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‘They do it for the kids’ CCPS food and nutrition service workers make sure students are fed during closure

March 17, 2020 - Charles County Public Schools (CCPS) food and nutrition workers are handing out free meals to students who stop by eight designated school sites around the county.

“Our kids need to eat,” said Ruby Smith, food service manager at St. Charles High School, one of the sites where people can drive up to pick up meals for children 18 and younger. Children have to be present in order to receive meals.

Starting Wednesday, between 11 a.m. and 1 p.m., students can pick up three meals — lunch, dinner and breakfast for the following day.

Breakfast includes cereal, crackers, milk and juice. Lunch and dinner will likely be cold sandwiches, fresh fruit, fresh vegetables, milk and juice. A snack is also included. Starting on Wednesday, parents and guardians can pick up instruction packets to keep children connected to school and their minds engaged with grade-level educational activities. The materials are also available online at www.ccboe.com.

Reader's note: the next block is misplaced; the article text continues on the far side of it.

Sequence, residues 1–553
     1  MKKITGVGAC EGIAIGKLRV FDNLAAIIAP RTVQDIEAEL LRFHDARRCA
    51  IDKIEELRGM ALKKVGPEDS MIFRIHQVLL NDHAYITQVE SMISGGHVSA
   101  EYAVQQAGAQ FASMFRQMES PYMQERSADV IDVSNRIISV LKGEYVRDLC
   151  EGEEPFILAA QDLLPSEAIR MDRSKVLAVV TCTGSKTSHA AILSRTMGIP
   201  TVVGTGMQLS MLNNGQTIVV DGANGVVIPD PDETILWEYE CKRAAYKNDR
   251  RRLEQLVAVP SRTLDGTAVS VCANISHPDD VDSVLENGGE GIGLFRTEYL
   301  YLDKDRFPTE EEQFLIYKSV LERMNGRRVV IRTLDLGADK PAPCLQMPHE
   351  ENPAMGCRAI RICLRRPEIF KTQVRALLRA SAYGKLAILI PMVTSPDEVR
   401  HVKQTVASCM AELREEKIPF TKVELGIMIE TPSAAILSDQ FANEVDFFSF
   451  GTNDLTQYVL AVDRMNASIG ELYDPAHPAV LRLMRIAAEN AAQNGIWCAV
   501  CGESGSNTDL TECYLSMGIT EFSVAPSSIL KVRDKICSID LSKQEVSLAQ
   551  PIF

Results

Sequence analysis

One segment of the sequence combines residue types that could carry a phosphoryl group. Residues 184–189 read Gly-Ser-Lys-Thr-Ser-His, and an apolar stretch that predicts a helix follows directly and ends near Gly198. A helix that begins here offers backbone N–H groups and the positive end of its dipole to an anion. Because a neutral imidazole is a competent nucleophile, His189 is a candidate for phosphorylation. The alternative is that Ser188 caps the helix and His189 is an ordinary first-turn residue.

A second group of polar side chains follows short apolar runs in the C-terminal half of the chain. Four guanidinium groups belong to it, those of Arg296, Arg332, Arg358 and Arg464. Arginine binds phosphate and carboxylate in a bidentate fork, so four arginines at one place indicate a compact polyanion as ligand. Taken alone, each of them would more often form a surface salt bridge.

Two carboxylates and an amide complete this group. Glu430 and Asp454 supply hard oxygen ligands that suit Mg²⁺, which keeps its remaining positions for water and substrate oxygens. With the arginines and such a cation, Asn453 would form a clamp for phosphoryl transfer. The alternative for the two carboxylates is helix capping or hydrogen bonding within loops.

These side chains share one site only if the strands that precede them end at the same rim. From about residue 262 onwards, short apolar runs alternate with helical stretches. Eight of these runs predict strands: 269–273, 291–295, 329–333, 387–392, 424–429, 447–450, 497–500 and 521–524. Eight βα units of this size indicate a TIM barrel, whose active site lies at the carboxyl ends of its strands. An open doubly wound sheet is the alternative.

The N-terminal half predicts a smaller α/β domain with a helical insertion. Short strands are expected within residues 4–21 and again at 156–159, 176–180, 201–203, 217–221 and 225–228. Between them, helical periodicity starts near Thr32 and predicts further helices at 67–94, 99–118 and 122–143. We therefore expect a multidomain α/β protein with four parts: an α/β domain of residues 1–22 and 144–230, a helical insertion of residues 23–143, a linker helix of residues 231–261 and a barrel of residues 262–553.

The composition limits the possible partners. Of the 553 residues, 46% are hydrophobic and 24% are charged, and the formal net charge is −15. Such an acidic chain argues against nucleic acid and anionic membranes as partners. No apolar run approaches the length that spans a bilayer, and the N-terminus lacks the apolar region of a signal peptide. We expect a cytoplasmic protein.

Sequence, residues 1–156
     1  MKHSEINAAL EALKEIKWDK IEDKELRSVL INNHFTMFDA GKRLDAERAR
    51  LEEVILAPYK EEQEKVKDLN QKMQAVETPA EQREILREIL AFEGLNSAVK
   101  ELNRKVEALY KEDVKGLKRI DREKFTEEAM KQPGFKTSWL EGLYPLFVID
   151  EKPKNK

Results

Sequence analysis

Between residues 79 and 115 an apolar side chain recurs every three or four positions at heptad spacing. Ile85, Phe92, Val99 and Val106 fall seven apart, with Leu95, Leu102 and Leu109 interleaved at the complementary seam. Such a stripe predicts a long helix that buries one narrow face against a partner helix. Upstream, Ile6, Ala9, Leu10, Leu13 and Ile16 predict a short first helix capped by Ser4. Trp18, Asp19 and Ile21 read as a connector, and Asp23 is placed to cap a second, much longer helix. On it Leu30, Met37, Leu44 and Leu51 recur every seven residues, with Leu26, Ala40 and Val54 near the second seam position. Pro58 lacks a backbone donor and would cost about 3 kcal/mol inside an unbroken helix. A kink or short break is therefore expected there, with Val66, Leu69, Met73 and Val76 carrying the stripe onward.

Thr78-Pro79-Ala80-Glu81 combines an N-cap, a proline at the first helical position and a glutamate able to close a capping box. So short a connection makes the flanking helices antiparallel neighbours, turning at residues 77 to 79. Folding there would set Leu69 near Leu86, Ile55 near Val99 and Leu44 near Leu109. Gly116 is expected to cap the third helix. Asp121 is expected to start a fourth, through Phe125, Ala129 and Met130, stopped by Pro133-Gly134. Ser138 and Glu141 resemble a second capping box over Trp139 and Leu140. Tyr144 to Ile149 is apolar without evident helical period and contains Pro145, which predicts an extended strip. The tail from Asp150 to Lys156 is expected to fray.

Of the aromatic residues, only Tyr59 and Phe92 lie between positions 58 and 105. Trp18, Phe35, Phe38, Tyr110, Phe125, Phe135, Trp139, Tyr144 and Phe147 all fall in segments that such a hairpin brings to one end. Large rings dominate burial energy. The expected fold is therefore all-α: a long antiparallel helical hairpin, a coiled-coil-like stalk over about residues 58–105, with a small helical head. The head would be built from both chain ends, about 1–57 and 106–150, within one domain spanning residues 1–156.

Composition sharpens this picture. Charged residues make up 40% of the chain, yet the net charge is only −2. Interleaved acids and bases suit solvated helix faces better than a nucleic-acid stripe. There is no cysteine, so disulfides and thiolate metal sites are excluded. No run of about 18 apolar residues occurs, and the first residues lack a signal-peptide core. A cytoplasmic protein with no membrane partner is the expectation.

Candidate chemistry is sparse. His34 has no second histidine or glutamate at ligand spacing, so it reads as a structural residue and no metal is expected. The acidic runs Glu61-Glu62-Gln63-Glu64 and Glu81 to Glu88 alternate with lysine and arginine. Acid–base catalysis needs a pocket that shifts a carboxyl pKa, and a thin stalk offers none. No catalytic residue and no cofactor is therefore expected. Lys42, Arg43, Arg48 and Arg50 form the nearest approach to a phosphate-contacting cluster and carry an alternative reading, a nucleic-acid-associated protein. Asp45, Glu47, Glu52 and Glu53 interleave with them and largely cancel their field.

The meal program started earlier this week with breakfast and lunch being offered in the wake of Maryland public schools shutting down March 16 to 27. The program expanded after Gov. Larry Hogan on Monday ordered state restaurants, movie theaters and gyms to close in an effort to slow the spread of Novel Coronavirus (COVID-19). 

Charles County meal sites include Henry E. Lackey, Maurice J. McDonough, St. Charles and Westlake high schools, Milton M. Somers Middle School and Indian Head, Mt. Hope/Nanjemoy and J.P. Ryon elementary school.

The sites are staffed by CCPS food and nutrition service (FNS) workers, many who messaged Crystal Richardson, supervisor of food service, pledging to help where they were needed. 

“They do it for the kids,” Richardson said of her staff. “They’re going to go wherever the kids need them.”

While the summer meal program has been in place for at least 15 years, this is the first time FNS workers have set up for an emergency closure like the one announced March 12 calling for public school systems around the state to be shuttered for two weeks.

“It’s summer in March,” said Frederick Bell, food service manager at Thomas Stone High School and veteran of the CCPS summer meals program. “When Crystal emailed me, I said, ‘I’m all in. If you’re doing it, I’m doing it.’”

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